The ELA standards are equally sub-standard. 50% of classic literature will be replaced by informational texts from kindergarten through 10th grade. In the last two years of high school, 70% of what students read will consist of informational texts, political speeches and magazine article. Gone are Mark Twain, John Milton, Homer, Dostoyevsky, Tolstoy, Shakespeare, F. Scott Fitzgerald and countless other great Western writers.

A significant number of the literary selections chosen reflect the strong emphasis in multiculturalism. An emphasis on Islam is equally striking that is amplified by a $135 Million federal grant to install books on Islam in every public school library with no funds allocated for books on Judaism or Christianity.

Pioneer Institute estimates the costs to implement Common Core to be $17 Billion for the 1st seven years in addition to the funds each state allocates for education in its annual budget. The Congressional Budget Office was not asked to prepare an estimate lest it become obvious CCI is a federal program.

The public is waking up to the specter of national overhaul of public education, lowering of standards and federalization of the system. States are backing out of their commitment and refusing or delaying the implementation of the standards.

Massachusetts, the only state to score in the top three on PISA assessments, dropped significantly in rank after implementing Common Core. In New York, 70% of 8th graders failed the math exam and 74%, the English exam. In one Harlem school, just 7% of students passed in English and 10% in math.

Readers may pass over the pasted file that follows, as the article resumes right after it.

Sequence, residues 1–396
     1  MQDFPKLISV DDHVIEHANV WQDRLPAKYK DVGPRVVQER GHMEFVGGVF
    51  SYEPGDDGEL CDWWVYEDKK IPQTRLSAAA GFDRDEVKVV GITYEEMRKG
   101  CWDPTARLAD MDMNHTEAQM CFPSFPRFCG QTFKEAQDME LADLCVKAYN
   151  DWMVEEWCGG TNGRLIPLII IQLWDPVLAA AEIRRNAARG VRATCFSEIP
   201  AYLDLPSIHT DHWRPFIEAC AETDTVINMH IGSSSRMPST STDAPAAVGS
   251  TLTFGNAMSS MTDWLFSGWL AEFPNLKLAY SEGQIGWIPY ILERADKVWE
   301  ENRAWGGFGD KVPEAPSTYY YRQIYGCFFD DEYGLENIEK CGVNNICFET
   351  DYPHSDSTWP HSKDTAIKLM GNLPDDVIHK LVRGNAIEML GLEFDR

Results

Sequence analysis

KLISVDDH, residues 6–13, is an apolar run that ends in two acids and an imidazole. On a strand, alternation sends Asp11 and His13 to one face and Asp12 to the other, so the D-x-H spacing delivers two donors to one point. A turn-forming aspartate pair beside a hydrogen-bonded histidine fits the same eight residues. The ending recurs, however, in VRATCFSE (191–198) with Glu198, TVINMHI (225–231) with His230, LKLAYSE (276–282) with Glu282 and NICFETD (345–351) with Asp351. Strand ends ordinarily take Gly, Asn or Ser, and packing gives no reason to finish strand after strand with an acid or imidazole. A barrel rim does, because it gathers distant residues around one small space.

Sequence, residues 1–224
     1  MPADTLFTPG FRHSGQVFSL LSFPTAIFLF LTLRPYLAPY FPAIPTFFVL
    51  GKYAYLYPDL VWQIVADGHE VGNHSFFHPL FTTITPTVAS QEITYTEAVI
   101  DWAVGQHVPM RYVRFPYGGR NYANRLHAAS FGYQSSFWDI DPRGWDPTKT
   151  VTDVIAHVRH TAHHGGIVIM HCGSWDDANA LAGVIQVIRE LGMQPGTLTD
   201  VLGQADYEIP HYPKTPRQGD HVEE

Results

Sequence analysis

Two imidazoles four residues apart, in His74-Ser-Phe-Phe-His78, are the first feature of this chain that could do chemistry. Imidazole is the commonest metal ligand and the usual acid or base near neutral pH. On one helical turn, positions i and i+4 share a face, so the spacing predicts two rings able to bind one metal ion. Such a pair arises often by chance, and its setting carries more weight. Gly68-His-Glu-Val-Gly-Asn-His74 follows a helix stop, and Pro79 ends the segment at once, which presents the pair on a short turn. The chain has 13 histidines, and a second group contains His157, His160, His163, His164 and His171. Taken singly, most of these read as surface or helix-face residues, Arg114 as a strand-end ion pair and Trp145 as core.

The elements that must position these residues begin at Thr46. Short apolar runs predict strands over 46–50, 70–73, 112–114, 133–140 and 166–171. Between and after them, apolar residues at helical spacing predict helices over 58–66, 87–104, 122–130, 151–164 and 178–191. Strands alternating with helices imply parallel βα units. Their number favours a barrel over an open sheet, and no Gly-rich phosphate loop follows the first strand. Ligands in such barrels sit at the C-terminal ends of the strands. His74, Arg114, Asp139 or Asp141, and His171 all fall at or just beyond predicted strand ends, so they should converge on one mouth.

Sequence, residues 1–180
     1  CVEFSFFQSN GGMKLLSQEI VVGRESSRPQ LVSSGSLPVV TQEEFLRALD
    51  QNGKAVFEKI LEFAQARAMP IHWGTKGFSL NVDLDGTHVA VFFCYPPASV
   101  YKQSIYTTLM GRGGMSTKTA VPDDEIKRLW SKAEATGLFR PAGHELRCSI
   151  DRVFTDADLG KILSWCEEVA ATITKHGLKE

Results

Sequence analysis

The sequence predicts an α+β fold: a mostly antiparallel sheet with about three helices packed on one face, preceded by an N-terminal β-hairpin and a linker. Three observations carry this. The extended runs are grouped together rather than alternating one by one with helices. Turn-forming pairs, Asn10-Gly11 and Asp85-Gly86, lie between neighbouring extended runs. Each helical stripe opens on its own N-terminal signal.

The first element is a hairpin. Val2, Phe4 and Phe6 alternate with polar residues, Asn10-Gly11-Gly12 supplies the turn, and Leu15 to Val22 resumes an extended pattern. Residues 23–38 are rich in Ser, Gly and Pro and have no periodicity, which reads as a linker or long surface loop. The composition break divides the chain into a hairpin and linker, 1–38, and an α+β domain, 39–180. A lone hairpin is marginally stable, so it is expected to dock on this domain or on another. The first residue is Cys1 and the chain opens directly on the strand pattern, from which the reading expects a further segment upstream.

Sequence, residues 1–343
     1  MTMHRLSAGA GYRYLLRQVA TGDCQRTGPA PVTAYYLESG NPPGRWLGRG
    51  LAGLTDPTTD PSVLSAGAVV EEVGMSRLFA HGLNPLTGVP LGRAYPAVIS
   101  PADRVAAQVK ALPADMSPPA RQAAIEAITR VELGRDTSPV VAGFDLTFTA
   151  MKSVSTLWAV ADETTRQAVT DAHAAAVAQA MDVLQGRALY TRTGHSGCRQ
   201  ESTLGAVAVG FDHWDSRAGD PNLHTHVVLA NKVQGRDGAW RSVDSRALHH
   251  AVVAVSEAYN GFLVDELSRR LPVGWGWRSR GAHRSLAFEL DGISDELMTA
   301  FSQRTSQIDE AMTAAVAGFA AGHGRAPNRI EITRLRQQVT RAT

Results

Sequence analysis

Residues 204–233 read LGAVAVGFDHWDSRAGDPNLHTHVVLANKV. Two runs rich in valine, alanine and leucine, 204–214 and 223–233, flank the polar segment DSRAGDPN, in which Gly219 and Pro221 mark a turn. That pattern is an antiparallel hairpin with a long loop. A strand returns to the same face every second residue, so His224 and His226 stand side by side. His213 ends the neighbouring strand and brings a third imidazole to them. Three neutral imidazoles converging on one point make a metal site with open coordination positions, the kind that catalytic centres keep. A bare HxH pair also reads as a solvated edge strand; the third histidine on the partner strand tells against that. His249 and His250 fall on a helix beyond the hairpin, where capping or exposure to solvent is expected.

Where do we go from here? There is only one answer. Michelle Malkin is right. She minced no words in her indictment of CCI as “rotten to the core” and her warning that “the corruption of math education is just the beginning.” It must be rejected and rescinded. Our children and our country deserve better.

About the Author:  R. Claire Friend, MD, is the Assistant Professor, Department of Psychiatry and Human Behavior, UC Irvine Medical Center, and the editor of the UC Irvine Quarterly Journal of Psychiatry. She is a retired psychiatrist and frequent commentator on the psychological dimensions of education and social welfare policies.

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1 reply
  1. Laurie Norman says:

    We had come so far and now we digress. The end is is sight for the entrepreneurship of America unless our children rise up and demand more from us. It appears we adults are incapable of doing this on our own. We seem to be full of ourselves and too long on the dole and afraid to demand excellence of anyone anymore.